Provenance of Holocene beach sand in the Western Iberian margin: the use of the Kolmogorov–Smirnov test for the deciphering of sediment recycling in a modern coastal system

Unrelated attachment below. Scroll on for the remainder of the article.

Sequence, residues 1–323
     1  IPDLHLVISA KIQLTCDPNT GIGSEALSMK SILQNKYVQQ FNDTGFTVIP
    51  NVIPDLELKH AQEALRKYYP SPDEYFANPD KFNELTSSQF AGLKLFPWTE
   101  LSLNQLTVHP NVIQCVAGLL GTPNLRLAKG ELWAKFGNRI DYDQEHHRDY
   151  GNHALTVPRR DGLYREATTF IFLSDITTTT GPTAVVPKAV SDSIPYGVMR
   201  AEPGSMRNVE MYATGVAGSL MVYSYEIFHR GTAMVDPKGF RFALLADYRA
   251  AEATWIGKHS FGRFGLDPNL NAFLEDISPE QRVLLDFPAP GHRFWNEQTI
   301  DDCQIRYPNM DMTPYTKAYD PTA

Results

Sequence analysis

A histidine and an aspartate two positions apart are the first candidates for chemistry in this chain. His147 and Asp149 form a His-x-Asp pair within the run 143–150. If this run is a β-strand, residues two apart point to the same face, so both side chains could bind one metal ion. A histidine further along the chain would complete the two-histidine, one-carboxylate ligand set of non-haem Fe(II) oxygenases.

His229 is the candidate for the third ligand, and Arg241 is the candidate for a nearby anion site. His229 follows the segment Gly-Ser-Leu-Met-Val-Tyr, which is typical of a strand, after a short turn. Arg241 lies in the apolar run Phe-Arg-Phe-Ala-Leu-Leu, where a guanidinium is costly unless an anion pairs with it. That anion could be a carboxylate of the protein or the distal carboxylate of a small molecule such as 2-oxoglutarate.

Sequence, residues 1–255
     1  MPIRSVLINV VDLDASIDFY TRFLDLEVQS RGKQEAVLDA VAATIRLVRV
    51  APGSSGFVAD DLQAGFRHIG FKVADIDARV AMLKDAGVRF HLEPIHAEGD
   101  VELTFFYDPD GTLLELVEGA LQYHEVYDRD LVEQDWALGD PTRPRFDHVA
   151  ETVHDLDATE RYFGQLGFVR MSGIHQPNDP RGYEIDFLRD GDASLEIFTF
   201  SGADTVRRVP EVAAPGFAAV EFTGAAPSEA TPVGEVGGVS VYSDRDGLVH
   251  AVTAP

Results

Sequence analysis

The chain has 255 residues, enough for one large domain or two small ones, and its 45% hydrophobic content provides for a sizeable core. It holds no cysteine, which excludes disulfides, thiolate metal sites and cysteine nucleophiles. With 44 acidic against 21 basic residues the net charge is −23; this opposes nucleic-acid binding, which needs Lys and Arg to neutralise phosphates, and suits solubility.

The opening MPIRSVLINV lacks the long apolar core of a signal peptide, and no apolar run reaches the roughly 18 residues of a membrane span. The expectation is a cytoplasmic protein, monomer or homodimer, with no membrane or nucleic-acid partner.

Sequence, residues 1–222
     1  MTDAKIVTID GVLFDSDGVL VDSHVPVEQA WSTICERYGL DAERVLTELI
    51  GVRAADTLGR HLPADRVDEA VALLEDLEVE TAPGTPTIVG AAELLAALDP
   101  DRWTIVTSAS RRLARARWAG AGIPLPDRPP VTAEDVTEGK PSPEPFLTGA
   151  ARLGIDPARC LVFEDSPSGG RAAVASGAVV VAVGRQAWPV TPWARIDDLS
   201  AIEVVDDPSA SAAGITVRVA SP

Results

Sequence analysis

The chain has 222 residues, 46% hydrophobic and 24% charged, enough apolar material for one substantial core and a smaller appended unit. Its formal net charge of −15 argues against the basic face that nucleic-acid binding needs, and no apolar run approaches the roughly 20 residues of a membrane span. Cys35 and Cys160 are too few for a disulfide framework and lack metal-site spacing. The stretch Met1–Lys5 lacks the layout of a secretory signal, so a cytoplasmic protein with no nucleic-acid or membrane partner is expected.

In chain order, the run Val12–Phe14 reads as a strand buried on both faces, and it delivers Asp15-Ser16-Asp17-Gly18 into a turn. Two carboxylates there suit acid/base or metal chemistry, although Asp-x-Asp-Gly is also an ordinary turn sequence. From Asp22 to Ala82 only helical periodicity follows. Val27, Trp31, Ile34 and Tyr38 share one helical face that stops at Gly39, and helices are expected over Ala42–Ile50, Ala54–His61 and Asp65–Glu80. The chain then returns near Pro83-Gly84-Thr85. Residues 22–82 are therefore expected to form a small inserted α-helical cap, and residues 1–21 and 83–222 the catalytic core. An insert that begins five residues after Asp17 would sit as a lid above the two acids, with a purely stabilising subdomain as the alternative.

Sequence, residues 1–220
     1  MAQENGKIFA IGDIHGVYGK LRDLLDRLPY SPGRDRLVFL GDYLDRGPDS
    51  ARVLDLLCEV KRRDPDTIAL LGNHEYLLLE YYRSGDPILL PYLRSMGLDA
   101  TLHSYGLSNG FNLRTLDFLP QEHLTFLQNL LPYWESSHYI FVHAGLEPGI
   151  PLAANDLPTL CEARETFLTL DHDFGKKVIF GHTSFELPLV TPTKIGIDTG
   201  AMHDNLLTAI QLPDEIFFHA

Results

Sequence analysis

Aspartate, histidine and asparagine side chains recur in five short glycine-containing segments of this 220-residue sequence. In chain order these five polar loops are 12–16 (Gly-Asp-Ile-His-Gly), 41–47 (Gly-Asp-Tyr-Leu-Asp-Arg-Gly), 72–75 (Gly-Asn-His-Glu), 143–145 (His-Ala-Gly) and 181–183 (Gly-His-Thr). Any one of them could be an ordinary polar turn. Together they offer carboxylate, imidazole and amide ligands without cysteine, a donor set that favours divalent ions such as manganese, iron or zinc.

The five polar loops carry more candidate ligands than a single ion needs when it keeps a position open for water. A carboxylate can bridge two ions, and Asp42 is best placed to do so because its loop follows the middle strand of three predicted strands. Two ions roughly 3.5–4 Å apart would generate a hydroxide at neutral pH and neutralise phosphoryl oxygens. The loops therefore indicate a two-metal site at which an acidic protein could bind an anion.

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Detrital zircons from Holocene beach sand and igneous zircons from the Cretaceous syenite forming Cape Sines (Western Iberian margin) were dated using laser ablation – inductively coupled plasma – mass spectrometry. The U–Pb ages obtained were used for comparison with previous radiometric data from Carboniferous greywacke, Pliocene–Pleistocene sand and Cretaceous syenite forming the sea cliff at Cape Sines and the contiguous coast. New U–Pb dating of igneous morphologically simple and complex zircons from the syenite of the Sines pluton suggests that the history of zircon crystallization was more extensive (ca 87 to 74 Ma), in contrast to the findings of previous geochronology studies (ca 76 to 74 Ma). The U–Pb ages obtained in Holocene sand revealed a wide interval, ranging from the Cretaceous to the Archean, with predominance of Cretaceous (37%), Palaeozoic (35%) and Neoproterozoic (19%) detrital-zircon ages. The paucity of round to sub-rounded grains seems to indicate a short transportation history for most of the Cretaceous zircons (ca 95 to 73 Ma) which are more abundant in the beach sand that was sampled south of Cape Sines. Comparative analysis using the Kolmogorov–Smirnov statistical method, analysing sub-populations separately, suggests that the zircon populations of the Carboniferous and Cretaceous rocks forming the sea cliff were reproduced faithfully in Quaternary sand, indicating sediment recycling. The similarity of the pre-Cretaceous ages (>ca 280 Ma) of detrital zircons found in Holocene sand, as compared with Carboniferous greywacke and Pliocene–Pleistocene sand, provides support for the hypothesis that detritus was reworked into the beach from older sedimentary rocks exposed along the sea cliff. The largest percentage of Cretaceous zircons (

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